McKayand History, Family Crest & Coats of Arms
The surname McKayand originally appeared in Gaelic as "O Cathain" or "Mac Cathain."
Early Origins of the McKayand family
The surname McKayand was first found in County Londonderry (Irish: Doire), a Northern Irish county also known as Derry, in the province of Ulster. At one time, the areas was named O'Cahan Country.
Early History of the McKayand family
This web page shows only a small excerpt of our McKayand research. Another 130 words (9 lines of text) covering the years 1172, 1196, 1617, 1641, 1644, 1819, 1697, 1757, 1714, 1631 and 1709 are included under the topic Early McKayand History in all our PDF Extended History products and printed products wherever possible.
McKayand Spelling Variations
The Middle Ages saw a great number of spelling variations for surnames common to the Irish landscape. One reason for these variations is the fact that surnames were not rigidly fixed by this period because the general population had to rely on local official's understanding of how their name should be spelt, hence spellings in records often changed through a person's lifetime. The following variations for the name McKayand were encountered in the archives: Keane, Kane, Kayne, Keaney, Keny, Keyne, O'Kane, O'Keane, O'Cahan, Cahan, Kean, O'Cain, McCloskey, McCluskey, McClaskey and many more.
Early Notables of the McKayand family (pre 1700)
Prominent amongst the family at this time was Ruaidri Dall Ó Catháin (fl. late 16th/early 17th century), an Irish harper and composer; and Echlin O'Kane, one of the most famous of all Irish Harpists. Manus O'Cahan's Regiment of Foot was a body of soldiers, many of who had fought in Europe in the early years of the Thirty Years War. McColla, and a cousin by marriage, Manus O'Cahan, were thrown together in a joint Catholic-Protestant Scots-Irish peace keeping force in 1641. In one Ulster battle, McColla was badly wounded. O'Cahan personally dragged his giant 7-foot-tall (2.1 m) friend...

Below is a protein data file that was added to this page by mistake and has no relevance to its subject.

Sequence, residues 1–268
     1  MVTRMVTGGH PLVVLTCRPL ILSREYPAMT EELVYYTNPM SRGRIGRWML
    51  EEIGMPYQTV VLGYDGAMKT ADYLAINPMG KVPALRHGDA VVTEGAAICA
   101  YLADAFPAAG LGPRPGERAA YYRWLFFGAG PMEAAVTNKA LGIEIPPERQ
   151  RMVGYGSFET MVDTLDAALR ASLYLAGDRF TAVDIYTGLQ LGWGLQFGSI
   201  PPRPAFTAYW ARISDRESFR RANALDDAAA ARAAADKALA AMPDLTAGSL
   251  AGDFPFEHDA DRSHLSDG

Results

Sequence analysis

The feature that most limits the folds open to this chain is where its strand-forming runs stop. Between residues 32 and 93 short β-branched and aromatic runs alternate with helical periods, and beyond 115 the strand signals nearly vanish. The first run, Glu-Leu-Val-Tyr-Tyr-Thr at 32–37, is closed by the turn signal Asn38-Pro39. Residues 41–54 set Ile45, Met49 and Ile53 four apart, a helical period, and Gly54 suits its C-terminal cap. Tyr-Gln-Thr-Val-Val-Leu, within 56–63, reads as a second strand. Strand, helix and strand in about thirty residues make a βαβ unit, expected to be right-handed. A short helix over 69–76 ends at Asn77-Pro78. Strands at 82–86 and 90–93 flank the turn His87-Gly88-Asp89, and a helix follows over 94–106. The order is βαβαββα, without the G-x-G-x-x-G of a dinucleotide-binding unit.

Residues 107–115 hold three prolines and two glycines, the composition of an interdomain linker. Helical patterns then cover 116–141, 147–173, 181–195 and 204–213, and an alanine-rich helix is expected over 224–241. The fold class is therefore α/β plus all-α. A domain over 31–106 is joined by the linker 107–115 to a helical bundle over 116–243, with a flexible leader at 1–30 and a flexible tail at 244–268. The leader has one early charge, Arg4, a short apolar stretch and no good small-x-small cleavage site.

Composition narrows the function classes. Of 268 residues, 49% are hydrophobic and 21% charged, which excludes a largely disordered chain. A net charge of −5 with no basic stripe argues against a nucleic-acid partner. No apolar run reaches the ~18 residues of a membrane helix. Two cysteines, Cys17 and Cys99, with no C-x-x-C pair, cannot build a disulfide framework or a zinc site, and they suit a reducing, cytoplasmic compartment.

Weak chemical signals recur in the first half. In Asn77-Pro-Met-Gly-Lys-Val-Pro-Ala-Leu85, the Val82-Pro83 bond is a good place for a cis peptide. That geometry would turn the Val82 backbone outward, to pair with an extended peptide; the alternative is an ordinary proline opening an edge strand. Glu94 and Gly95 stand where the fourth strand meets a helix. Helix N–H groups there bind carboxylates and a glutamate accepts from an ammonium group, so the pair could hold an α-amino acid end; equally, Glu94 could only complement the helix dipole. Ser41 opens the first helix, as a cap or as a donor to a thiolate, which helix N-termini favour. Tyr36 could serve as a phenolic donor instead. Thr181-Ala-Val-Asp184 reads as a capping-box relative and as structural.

Another 98 words (7 lines of text) are included under the topic Early McKayand Notables in all our PDF Extended History products and printed products wherever possible.
Migration of the McKayand family
Ireland became inhospitable for many native Irish families in the 19th centuries. Poverty, lack of opportunities, high rents, and discrimination forced thousands to leave the island for North America. The largest exodus of Irish settlers occurred with the Great Potato Famine of the late 1840s. For these immigrants the journey to British North America and the United States was long and dangerous and many did not live to see the shores of those new lands. Those who did make it were essential to the development of what would become two of the wealthiest and most powerful nations of the world. These Irish immigrants were not only important for peopling the new settlements and cities, they also provided the manpower needed for the many industrial and agricultural projects so essential to these growing nations. Immigration and passenger lists have documented the arrival of various people bearing the name McKayand to North America: Charles Kane settled in New London Conn. in 1811 with his family; Charles, David, Francis, Henry, James, John, Michael, Patrick, Thomas and William Kane all arrived in Philadelphia between 1840 and 1870.
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The McKayand Motto +
The motto was originally a war cry or slogan. Mottoes first began to be shown with arms in the 14th and 15th centuries, but were not in general use until the 17th century. Thus the oldest coats of arms generally do not include a motto. Mottoes seldom form part of the grant of arms: Under most heraldic authorities, a motto is an optional component of the coat of arms, and can be added to or changed at will; many families have chosen not to display a motto.
Motto: Felis demulcta mitis
Motto Translation: A stroked cat is gentle.